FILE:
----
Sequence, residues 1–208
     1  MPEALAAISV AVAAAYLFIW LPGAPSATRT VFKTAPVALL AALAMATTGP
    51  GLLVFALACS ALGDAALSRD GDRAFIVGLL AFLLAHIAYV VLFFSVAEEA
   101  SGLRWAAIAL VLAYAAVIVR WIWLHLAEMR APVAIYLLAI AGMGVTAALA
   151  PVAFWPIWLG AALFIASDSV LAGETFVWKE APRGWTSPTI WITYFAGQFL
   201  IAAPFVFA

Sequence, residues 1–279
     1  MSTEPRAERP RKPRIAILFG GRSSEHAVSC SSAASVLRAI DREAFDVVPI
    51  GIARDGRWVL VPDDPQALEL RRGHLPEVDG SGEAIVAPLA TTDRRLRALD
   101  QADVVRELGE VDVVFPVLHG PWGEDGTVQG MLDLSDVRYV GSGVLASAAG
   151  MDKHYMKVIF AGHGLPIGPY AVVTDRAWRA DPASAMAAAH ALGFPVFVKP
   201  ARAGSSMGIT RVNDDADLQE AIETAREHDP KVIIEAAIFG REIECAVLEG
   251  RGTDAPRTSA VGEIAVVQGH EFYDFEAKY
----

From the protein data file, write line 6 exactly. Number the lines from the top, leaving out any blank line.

   201  IAAPFVFA